SOMETHING is happening in Bourke in northwest NSW. It is not immediately apparent in the town’s flat, main road, or on the red grassy plains, or even under the twisted Coolabah trees on the olive-brown Darling River. But it is there; it is hope, rising through the dusty heat after more than a decade of drought, motivating the community to solve long-standing complex social issues.

Bourke is reshaping itself, and its success is augured by extraordinary factors.

First, Bourke’s call for change has come from within; it is the community taking control. Second, the move forward is using a strong collective impact framework. That is, community leaders from a range of sectors are working together with a shared vision of a safer Bourke with lower incarceration rates.

Third, one of its primary tools for change is a data-backed, proven process: Justice Reinvestment.

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Above (left to right): Mr Victor Bartley, President RSL Sub Branch Bourke, Alistair Ferguson, Phillip Parnaby, Owner of Diggers on the Darling, Andrew Rose of the Maranguka team, Stephen Howarth of the NSW Office of Aboriginal Affairs and Mick Williams of the Maranguka team, raising the Aboriginal flag outside the Bourke RSL.

Long-time Bourke resident Alistair Ferguson is the Executive Officer of Community Development, Just Reinvest NSW, and chairman of the Bourke Aboriginal Community Working Party. To help get the project off the ground, Dusseldorp Forum and Vincent Fairfax Family Foundation have co-funded Alistair’s position in the community, enabling him a degree of independence as he coordinates the new approach.

“This is community-led, the community is in the driving seat,” Alistair says of the movement. “It is about addressing the shameful overrepresentation of young Aboriginal people in juvenile centres.

“The other key element, where we have captured the imagination of the state and federal government, is this:  We are not sitting at the table requesting or asking for money or funds, what we are asking and requesting is their support within existing budgets that are available today.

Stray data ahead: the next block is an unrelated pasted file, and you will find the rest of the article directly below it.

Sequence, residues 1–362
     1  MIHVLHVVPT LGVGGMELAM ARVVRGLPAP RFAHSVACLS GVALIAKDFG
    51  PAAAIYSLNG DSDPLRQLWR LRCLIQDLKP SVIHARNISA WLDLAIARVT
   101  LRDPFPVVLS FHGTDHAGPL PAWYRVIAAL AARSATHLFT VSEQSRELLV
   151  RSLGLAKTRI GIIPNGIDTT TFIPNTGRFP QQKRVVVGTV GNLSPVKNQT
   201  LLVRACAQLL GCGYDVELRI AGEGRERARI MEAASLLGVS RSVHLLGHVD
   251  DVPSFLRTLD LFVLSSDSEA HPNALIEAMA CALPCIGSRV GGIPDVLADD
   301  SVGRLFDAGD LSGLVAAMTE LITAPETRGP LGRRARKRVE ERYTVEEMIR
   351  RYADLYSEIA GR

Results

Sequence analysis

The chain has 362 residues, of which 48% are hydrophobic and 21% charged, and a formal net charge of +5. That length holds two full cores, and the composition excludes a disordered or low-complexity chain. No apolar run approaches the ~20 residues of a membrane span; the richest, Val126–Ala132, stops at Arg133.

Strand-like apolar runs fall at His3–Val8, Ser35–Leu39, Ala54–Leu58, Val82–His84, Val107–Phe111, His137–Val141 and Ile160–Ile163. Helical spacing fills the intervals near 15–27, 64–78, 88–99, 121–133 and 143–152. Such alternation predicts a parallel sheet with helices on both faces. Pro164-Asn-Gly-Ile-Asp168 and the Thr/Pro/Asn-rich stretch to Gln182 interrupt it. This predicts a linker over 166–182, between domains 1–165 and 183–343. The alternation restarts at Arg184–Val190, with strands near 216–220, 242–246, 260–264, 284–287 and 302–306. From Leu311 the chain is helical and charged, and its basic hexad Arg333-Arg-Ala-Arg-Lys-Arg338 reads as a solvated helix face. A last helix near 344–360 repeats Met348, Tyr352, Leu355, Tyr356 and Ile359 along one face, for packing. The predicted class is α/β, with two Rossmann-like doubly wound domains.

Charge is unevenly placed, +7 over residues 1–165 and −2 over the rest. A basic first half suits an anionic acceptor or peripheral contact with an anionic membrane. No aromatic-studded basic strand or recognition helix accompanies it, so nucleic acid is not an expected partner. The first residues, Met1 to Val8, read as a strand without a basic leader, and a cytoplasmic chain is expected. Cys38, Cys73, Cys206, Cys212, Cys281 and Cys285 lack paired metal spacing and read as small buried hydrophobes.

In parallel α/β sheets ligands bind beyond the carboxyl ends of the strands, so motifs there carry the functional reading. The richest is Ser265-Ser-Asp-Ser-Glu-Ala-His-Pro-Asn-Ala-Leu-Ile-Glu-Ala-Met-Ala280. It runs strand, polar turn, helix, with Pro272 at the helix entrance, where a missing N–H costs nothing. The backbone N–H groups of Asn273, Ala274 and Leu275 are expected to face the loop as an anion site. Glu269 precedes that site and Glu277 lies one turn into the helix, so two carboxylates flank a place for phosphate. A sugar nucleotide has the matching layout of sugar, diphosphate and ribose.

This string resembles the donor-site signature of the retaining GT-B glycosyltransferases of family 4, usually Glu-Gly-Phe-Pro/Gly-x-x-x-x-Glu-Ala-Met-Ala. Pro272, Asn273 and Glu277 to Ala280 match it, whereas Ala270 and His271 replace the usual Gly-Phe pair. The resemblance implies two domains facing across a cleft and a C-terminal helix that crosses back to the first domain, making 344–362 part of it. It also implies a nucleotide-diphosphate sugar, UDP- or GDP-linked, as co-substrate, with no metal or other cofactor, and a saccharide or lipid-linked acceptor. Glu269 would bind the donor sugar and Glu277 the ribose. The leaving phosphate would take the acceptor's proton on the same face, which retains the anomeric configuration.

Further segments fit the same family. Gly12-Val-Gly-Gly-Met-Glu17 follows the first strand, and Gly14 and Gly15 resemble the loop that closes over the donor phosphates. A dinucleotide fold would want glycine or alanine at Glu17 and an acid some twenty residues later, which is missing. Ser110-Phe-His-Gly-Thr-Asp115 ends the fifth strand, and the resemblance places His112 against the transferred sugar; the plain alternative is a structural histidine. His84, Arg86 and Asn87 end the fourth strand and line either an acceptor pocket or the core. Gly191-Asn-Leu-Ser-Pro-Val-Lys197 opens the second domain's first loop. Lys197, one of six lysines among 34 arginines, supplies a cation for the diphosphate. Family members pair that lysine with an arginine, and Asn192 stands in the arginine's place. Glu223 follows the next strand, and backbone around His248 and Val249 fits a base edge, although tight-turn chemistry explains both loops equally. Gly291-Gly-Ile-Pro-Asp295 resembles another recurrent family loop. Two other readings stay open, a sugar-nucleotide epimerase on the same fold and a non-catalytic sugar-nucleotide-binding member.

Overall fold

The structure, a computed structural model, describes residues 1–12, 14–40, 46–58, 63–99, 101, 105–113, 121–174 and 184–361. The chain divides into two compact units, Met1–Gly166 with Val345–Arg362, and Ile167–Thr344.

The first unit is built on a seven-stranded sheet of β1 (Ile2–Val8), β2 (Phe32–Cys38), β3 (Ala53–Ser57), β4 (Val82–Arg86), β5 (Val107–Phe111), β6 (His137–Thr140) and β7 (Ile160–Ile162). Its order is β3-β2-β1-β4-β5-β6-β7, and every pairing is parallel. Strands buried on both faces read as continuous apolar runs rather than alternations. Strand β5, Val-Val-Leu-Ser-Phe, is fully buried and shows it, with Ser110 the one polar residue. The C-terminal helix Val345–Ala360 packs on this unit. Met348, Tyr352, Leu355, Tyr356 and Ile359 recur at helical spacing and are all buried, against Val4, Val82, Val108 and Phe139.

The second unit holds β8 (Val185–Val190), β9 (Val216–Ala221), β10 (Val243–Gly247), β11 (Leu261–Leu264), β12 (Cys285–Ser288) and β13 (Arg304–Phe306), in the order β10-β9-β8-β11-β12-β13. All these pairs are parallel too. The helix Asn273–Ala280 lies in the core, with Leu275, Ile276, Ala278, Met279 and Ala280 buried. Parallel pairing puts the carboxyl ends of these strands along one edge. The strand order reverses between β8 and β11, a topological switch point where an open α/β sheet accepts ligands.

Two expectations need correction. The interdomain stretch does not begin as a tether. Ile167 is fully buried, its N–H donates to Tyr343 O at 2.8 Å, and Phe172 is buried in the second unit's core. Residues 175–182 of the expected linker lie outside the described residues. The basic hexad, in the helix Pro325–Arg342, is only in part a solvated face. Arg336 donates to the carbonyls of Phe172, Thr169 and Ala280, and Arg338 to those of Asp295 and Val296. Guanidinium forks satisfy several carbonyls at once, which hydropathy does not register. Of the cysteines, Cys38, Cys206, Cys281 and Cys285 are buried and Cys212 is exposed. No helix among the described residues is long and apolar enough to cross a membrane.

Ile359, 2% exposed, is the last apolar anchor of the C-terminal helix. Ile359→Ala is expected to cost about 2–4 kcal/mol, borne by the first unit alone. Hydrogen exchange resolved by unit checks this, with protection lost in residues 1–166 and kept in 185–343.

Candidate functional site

“Justice Reinvestment is a core critical component to the much larger, grander scheme of things in the community strategy Maranguka,” Alistair says.

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Maranguka* – an overarching strategy to ensure the community’s ongoing well being – emerged in 2008 as the operational arm of the Bourke Aboriginal Community Working Party.

Embedded within Maranguka is ‘Justice Reinvestment’. Justice Reinvestment, administered through Just Reinvest NSW, aims to shift Government spending – not increase it – from prisons to prevention. It is supported by a centralised committee, which “reallocates” some of the millions spent on incarceration in high-risk communities into underlying causes, such as better education, health, community assets or job creation.

Justice Reinvestment is a data-backed pathway that emerged from the United States and reduces incarceration rates. In October 2012 Just Reinvest NSW and Maranguka jointly launched the justice reinvestment campaign in Bourke.

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Bourke, population nearly 3000, aims to become a national showcase as the first community in Australian to implement Justice Reinvestment. Bourke’s collective impact army is ever growing, with government and corporate secondments now on the team.

In October, NSW Attorney General Brad Hazzard visited Bourke for two nights. It was a morale-boosting visit for Bourke, and a productive one for Mr Hazzard, who met with community groups and leaders, and received a list of recommended circuit breakers to keep Bourke youth from unnecessary arrests.

Funding for the circuit breakers will come from projected savings in reduced incarceration rates.

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Above: An article in Bourke’s The Western Herald in October 2014 covering the NSW Attorney General’s visit, Maranguka and Justice Reinvestment.

For example, it costs around $652 a day to lock up a young person. In Bourke in 2011, there were 223 Aboriginal young people, of which 47 were on remand or sentenced. That is, one in five – or 21 per cent – of the young indigenous community were locked up.

According to a paper by Just Reinvest NSW, the cost of incarcerating 47 Aboriginal and Torres Strait Islander young people in 2012 was $2.2 million. Reducing incarceration rates of Bourke youth by 20 per cent, the paper argues, would save $500,000, a proportion of which could be invested back into the community.

“Everyone is always affected in some shape or form; having loved ones going into these juvenile centres and the like,” Alistair said.

Now, hope is fuelling motivation and the ever-growing collective impact. All eyes are fixed on a common goal of a safer Bourke with less jailing of young Indigenous people.

The time has come to care for the people.

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 Above: Community leader Alistair Ferguson coordinates the collective impact.

Maranguka, from the Ngemba nation, carries the meanings “caring”,  “offering help” and “to give to the people”. It is pronounced Mar-ran-nooka.